Wednesday 12 March 2014 9:24 pm

Bonus hikes help US banks to outbid UK for top staff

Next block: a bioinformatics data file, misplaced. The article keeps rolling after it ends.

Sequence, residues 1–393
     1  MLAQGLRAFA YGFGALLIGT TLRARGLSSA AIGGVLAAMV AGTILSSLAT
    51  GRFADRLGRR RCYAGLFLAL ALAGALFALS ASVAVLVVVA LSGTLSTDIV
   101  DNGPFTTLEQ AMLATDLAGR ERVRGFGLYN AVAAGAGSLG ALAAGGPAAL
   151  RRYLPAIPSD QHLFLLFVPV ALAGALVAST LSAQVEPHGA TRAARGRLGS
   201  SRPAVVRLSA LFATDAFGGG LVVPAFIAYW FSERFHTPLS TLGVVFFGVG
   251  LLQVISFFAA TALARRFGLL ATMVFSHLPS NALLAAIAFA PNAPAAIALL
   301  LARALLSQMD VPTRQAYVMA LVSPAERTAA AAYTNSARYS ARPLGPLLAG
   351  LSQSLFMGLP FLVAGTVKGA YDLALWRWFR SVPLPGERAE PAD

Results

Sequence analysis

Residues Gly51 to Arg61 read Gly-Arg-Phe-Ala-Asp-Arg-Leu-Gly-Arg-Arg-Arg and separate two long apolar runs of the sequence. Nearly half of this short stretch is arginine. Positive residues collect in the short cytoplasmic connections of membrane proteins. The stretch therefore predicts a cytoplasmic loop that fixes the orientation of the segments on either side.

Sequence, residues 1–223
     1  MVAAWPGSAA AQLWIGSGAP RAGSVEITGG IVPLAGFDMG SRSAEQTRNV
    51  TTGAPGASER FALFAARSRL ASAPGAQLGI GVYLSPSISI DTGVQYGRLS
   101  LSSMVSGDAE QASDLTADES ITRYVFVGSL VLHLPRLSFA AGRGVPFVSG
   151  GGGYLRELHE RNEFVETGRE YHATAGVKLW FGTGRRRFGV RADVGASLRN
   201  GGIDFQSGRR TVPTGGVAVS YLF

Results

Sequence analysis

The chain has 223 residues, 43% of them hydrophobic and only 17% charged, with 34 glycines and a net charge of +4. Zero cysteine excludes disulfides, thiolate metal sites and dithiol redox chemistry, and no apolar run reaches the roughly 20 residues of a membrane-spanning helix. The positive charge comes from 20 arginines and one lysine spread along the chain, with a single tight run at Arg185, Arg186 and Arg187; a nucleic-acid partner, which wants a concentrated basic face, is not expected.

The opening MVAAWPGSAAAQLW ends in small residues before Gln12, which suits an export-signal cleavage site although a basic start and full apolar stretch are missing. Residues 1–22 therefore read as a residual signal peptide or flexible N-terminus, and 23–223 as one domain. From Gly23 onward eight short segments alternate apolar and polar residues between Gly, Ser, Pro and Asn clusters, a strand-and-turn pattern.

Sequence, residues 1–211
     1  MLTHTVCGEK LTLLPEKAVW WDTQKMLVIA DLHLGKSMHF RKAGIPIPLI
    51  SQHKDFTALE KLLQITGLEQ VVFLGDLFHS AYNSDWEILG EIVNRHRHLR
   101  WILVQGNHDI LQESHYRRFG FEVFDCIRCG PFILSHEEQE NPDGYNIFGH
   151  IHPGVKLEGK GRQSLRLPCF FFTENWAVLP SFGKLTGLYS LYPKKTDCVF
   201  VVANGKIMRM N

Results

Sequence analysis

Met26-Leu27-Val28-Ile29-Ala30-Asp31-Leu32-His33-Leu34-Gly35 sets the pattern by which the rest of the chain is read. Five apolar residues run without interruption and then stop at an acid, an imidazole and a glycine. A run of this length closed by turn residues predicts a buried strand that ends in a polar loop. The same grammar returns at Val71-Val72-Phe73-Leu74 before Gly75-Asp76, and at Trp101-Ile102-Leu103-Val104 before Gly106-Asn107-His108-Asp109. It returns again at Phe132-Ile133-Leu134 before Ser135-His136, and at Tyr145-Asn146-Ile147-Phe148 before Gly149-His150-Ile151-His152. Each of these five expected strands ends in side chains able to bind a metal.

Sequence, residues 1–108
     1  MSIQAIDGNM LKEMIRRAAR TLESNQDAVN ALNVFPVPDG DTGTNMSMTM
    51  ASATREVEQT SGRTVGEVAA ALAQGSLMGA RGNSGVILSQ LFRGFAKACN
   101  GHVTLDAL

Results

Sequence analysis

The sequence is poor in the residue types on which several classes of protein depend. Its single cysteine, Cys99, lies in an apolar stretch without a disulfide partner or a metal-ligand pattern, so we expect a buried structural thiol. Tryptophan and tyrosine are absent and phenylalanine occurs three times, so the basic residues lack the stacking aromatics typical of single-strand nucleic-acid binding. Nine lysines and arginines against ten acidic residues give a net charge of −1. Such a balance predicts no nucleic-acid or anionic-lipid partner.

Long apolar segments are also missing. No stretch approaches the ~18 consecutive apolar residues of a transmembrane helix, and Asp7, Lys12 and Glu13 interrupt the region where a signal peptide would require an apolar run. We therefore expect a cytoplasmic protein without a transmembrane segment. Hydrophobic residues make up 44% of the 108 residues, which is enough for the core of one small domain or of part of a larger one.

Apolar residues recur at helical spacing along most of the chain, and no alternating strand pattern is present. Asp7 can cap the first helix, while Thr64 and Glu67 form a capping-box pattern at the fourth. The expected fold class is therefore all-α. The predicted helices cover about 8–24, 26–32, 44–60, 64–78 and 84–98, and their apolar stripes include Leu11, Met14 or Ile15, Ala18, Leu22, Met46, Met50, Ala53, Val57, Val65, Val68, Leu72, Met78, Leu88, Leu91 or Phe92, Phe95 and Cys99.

BANK bonuses hit a post-crash high on Wall Street in the latest pay round, official figures showed yesterday, as the recovery boosted traders’ fortunes. Booming pay in the US contrasts with sustained political pressure on British banks who have been cutting back on bonuses in recent years. The average bonus for investment bankers hit $164,530 (£99,037) for 2013, up 15 per cent on the year according to the study of the securities industry by the New York Comptroller of the Currency. The figure means bonuses are at their highest level since 2007’s $177,830 average. Much of the pay came from bonuses awarded in previous years and paid out for 2013 – the last five years have all been profitable for the sector. Bonuses have now risen 44 per cent in two years, the US figures showed. It highlights Barclays boss Antony Jenkins’ worries that US banks will be able to out bid UK lenders for top staff on Wall Street – a fear heightened by the incoming EU bonus cap. That will limit bonuses at the same level as salary, unless shareholders agree the cap can rise to twice the level of annual pay. “Although profits for 2013 were down, the 38 per cent reduction in incentives in the previous two years had begun to cause demonstrable damage to our business through increased attrition, with a near doubling of resignations of senior staff in the US,” Jenkins said in his annual report, explaining the decision to increase Barclays’ bonus pool. By contrast with politicians’ anger at bonuses in the UK, the comptroller welcomed rising bonuses in the US. “Wall Street navigated through some rough patches last year and had a profitable year in 2013. Securities industry employees took home significantly higher bonuses on average,” said comptroller Thomas DiNapoli. “The industry still had a good year in 2013 despite costly legal settlements and higher interest rates. Wall Street continues to demonstrate resilience as it evolves in a changing regulatory environment.”

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